It seems that the claim of self-defense is thrown out so often when people are facing murder charges that it has lost its credibility as a viable defense. Yet if and when you are placed in a position of needing to use force (even lethal force) to defend yourself and/or others, you might question what other alternatives others might say that you have. Many in Memphis have come to us here at The Law Office of The Law Office of Massey McClusky Fuchs & Ballenger The Law Office of Massey McClusky Fuchs & Ballenger The Law Office of Massey McClusky Fuchs & Ballenger & The Law Office of Massey McClusky Fuchs & Ballenger wondering if the law does indeed designate when lethal force may be justified. If your intent in using such force is facing scrutiny, then you may be happy to know that it does.
Tennessee has followed the example of other states in enacting a statute known as the “Stand Your Ground” law. Per Section 39-11-611 of the state’s Criminal Offenses Code, you are considered to be justified in using deadly force against an individual who has unlawfully entered your residence, place of business or vehicle if you believe yourself, a family member, friend or visitor is in imminent danger of death or serious bodily injury. Such force must be used, however, in response to aggression, and not simply because you believe that person is there to do harm.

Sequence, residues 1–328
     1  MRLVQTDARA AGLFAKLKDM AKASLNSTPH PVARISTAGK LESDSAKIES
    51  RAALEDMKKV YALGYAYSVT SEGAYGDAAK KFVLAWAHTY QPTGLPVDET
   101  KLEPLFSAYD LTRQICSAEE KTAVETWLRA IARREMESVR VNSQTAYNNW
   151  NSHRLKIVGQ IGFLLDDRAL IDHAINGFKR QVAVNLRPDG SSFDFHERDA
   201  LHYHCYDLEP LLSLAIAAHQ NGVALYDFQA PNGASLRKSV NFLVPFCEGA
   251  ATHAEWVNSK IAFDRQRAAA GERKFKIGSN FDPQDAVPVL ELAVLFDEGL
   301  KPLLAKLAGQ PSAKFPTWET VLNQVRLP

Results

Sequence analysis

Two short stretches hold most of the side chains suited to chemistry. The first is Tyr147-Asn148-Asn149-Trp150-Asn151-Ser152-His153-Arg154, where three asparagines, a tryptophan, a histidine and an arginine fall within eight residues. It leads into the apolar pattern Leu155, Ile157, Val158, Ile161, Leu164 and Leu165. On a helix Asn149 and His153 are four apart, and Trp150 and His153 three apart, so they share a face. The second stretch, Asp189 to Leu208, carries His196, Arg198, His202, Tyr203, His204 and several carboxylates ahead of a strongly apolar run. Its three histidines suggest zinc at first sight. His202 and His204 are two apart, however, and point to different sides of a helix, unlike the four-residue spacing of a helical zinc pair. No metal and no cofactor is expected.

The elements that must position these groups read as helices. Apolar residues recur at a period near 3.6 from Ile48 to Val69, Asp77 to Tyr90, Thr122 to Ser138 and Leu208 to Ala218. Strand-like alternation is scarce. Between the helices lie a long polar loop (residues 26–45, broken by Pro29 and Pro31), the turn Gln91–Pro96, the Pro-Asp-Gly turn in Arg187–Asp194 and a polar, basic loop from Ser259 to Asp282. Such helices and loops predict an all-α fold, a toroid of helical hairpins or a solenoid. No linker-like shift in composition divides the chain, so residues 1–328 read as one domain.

The use of deadly force is not permitted (even in the aforementioned circumstances) if any of the following is true:
- The individual against whom you act has a right to be where there
- The individual is attempting to remove a minor child over whom they have custody
- The individual is a law enforcement officer performing their duties
- You are simultaneously engaged in unlawful activity when the incident occurs
You can learn more about defending yourself against murder charges by continuing to explore our site.